A Brief Account of Human Evolution Timeline for Young Minds
You’re probably wondering how it all began, the human evolution timeline, how we intelligently evolved with time and we are now what we are today. It’s a lot of processes and we’ll be discussing all of them in this article.
What is Evolution?
Living species emerge from simpler organisms through the process of evolution. Evolution, according to Charles Darwin (1809–1882), is based on a process known as natural selection.
Natural selection favors organisms that are most suited to the conditions in which they live, resulting in enhanced reproductive capacity.
Darwin proposed creatures evolve because of many minor changes. We will cover evolution in pre-human eras and human prehistory in this post.
Writing had not yet evolved during prehistory. However, studying the fossil record yields a wealth of knowledge about prehistory.
People came from apelike predecessors through a long process of transformation known as human evolution. Between 2 million and 1.8 million years ago, ancient people traveled from Africa to Asia for the first time.
Scientific data suggest that the physical and behavioral characteristics common to all humans evolved over a six-million-year period from apelike ancestors.
Bipedalism, or the capacity to walk on two legs, is one of the earliest defining human characteristics. And have emerged around 4 million years ago.
Another essential human features are the large and complex brain. Also, the ability to create and use tools, and the ability to communicate, has just lately emerged.
Many advanced characteristics, like as rich symbolic expression, art, and elaborate cultural diversity, have only arisen in the last 100,000 years.
Learn More About Neanderthals
Theories of Early Human Evolution
According to the savannah hypothesis, they forced hominins out of their trees and into the growing savannah. They began walking upright on two feet because of this.
The aridity theory elaborated on this idea, claiming that the savannah was expanding because of increasingly arid conditions, resulting in hominin adaption.
As a result, they compelled hominins to evolve and adapt during periods of extreme aridification.
According to the turnover pulse hypothesis, extinctions caused by environmental factors harm specialized species more than generalist species do.
When environmental conditions change, generalist species spread widely, but specialist species become more specialized and evolve at a faster rate.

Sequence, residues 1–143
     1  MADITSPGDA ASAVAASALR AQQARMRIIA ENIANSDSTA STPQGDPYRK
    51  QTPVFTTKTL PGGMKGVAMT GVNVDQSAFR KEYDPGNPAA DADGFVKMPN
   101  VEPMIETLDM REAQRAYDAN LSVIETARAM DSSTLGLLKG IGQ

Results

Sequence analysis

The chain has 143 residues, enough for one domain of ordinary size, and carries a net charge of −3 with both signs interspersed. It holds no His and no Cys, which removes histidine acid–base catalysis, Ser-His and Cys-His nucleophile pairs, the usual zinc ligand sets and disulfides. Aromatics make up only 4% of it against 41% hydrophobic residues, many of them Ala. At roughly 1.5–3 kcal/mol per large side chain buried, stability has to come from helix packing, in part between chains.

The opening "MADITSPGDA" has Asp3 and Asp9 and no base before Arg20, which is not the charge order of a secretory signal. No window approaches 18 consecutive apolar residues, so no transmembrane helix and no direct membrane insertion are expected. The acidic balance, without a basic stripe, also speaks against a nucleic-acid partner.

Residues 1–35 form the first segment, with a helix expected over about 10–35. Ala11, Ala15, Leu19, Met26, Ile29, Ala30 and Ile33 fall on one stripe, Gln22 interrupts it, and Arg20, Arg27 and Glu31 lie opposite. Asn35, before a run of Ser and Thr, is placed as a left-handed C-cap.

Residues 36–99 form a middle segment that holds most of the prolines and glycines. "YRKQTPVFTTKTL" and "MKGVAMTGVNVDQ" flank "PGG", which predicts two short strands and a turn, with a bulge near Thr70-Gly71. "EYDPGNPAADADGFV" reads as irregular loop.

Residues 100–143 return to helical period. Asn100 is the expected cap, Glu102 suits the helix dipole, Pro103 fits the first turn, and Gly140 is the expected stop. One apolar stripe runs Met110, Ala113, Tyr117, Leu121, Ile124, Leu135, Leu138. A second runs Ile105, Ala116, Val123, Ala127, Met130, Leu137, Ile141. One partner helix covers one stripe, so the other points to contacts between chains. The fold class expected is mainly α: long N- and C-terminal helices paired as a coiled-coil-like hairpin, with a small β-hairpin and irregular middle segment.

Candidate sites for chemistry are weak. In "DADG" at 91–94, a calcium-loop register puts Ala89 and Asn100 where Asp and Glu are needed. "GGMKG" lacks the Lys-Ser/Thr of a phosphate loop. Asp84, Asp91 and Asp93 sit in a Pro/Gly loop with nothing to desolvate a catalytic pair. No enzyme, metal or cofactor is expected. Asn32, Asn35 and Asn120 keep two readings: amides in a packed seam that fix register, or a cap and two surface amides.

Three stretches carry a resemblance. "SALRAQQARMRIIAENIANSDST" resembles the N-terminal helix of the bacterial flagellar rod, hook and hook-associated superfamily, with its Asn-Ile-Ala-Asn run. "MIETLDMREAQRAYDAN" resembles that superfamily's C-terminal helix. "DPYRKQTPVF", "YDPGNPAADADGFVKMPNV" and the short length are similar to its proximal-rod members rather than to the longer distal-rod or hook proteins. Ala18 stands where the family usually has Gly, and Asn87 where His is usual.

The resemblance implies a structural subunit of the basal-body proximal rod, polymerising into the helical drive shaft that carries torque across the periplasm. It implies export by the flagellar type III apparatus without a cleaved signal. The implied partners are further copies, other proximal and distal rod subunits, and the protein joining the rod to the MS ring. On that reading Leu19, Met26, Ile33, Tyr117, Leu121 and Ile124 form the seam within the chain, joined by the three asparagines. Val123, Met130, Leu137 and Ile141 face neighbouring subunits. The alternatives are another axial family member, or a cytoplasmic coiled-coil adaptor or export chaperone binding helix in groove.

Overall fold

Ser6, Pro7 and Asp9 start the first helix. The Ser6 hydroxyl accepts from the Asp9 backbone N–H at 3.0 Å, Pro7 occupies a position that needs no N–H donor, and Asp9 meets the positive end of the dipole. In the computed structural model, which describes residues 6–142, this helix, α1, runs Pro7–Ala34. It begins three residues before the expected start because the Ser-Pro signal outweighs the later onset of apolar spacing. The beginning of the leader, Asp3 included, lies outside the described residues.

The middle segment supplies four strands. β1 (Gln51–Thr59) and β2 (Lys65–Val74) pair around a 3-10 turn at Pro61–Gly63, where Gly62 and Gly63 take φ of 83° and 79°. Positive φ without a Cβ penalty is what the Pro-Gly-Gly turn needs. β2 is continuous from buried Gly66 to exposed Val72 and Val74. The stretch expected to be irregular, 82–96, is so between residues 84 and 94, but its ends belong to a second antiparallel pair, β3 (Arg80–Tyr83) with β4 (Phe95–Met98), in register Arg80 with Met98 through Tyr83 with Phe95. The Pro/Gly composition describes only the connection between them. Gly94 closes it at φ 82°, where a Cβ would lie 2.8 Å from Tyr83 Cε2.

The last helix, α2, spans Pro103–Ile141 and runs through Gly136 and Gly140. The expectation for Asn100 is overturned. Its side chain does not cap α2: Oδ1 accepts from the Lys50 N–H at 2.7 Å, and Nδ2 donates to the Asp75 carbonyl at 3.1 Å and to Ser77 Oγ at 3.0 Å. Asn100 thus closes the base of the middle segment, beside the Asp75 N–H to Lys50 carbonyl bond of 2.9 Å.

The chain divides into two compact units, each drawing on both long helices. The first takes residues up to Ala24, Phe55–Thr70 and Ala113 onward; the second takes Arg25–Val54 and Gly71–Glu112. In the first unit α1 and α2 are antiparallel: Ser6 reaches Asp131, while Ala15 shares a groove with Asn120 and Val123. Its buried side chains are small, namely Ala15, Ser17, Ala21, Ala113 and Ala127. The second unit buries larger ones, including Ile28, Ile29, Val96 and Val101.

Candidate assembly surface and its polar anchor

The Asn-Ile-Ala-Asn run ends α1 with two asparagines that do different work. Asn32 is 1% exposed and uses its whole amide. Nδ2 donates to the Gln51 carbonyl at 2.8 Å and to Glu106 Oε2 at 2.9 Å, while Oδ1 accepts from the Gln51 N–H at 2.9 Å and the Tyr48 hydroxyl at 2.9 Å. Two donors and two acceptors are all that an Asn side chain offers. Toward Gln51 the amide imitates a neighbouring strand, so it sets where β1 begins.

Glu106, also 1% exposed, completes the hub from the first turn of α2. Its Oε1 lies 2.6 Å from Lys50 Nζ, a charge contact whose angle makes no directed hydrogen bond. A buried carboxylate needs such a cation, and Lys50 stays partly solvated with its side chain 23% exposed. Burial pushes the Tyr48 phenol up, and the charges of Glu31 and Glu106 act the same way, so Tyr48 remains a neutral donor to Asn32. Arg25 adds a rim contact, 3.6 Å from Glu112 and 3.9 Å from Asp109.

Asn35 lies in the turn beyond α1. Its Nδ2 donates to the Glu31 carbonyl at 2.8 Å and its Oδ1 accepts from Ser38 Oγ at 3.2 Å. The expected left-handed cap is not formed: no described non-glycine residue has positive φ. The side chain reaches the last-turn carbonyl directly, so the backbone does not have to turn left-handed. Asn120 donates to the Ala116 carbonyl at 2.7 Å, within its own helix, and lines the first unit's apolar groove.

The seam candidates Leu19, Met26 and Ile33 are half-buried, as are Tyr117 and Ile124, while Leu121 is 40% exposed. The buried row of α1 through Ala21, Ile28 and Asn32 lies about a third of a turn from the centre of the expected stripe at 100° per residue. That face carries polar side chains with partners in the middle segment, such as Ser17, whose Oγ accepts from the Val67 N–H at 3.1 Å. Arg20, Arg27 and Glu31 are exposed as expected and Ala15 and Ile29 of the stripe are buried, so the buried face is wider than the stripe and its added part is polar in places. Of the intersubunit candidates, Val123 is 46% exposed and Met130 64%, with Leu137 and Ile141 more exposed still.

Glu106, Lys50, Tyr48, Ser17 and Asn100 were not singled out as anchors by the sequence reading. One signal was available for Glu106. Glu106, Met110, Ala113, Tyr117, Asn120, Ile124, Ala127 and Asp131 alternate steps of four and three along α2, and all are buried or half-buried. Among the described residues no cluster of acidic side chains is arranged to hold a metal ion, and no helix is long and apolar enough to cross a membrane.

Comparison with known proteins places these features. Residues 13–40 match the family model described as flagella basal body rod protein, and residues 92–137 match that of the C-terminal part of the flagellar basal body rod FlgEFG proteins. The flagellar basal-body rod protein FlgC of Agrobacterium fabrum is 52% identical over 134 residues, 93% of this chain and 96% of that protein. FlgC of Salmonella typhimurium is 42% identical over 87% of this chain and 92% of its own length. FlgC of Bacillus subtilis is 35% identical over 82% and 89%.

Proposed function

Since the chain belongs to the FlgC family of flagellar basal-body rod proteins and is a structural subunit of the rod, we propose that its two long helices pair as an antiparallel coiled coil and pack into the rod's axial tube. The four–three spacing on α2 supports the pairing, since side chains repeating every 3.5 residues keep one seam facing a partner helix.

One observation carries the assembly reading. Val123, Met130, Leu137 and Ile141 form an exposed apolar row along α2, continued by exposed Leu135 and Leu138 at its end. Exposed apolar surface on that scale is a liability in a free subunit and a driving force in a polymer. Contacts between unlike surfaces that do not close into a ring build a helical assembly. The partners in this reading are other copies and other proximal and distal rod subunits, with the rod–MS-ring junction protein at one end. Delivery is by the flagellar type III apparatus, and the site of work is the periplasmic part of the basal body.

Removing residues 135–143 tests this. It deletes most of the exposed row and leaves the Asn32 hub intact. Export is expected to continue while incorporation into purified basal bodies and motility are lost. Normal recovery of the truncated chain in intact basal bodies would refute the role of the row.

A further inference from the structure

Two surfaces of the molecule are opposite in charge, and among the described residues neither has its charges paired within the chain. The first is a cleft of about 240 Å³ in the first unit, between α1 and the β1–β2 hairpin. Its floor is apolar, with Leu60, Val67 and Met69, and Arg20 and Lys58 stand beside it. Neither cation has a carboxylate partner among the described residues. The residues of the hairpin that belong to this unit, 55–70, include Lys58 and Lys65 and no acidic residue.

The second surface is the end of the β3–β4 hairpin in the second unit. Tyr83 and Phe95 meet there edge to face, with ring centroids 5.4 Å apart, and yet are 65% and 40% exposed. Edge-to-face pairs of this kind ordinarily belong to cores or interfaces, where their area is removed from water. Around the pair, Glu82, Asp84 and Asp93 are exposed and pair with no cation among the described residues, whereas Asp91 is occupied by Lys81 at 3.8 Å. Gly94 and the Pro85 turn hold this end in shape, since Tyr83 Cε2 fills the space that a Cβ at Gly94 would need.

How Did Humans Evolve?
Primates are mammals, much like humans. The ancient primate lineage split into two major groups around ten to twelve million years ago.
This is because of speciation in the development of new species throughout evolution.
These two lineages diverged and evolved into the many species we see today.
Members of one group were the ancestors of the contemporary great apes (gorillas, chimps, and bonobos in Africa, orangutans in Asia).
They lived in the woods and had an arboreal lifestyle, which means they lived in trees. Great apes are also quadrupeds, meaning they walk on four legs on the ground.
The other group progressed in a different direction. They turned terrestrial, meaning they no longer live in trees and now live on land. They evolved from quadrupeds to bipeds, meaning they walk on their two back legs.
Background and Beginnings in the Miocene
We can find the taproot of the human family tree among apelike species from the Middle Miocene Epoch. This is approximately 16–11.6 mya Or Late Miocene Epoch (11.6–5.3 mya), according to most experts.
Genetic data support A Late Miocene ancestry based on molecular clock calculations.
Various Eurasian and African Miocene primates are proposed as probable ancestors of early hominins who appeared during the Pliocene Epoch (5.3–2.6 million years ago).
Kenyapithecus, Griphopithecus, Dryopithecus, Graecopithecus (Ouranopithecus), Samburupithecus, Sahelanthropus, and Orrorin are among the primates suggested.
Though there is no unanimity among scientists.
Early Human Species and Their Origin
From about 16–14, mya, Kenyapithecus lived in Kenya, and Griphopithecus lived in central Europe and Turkey. Dryopithecus was most famous in western and central Europe, where it lived between 13 and probably 8 million years ago.
Around 9 million years ago, Graecopithecus lived in northern and southern Greece, around the same time as Samburupithecus in northern Kenya.
Between 7 and 6 million years ago, Sahelanthropus lived in Chad. Orrorin lived 6 million years ago in central Kenya. Kenyapithecus or Griphopithecus may be the most plausible ancestor of great apes and humans among these.
Some evolutionary hypotheses claim Graecopithecus to be the lone ancestor of the human lineage. This includes Australopithecus, Paranthropus, and Homo sapiens.
Human Evolution Timeline
Human evolution has taken many forms, but seven distinct periods of humanity stand out. Paleontology is a field filled with new findings.
Thus, the timeline’s specifics may change in the future, while the overall scheme is understood and accepted.
Around 7 million years ago, the apes that would eventually evolve into today’s humans parted from the so-called lesser apes.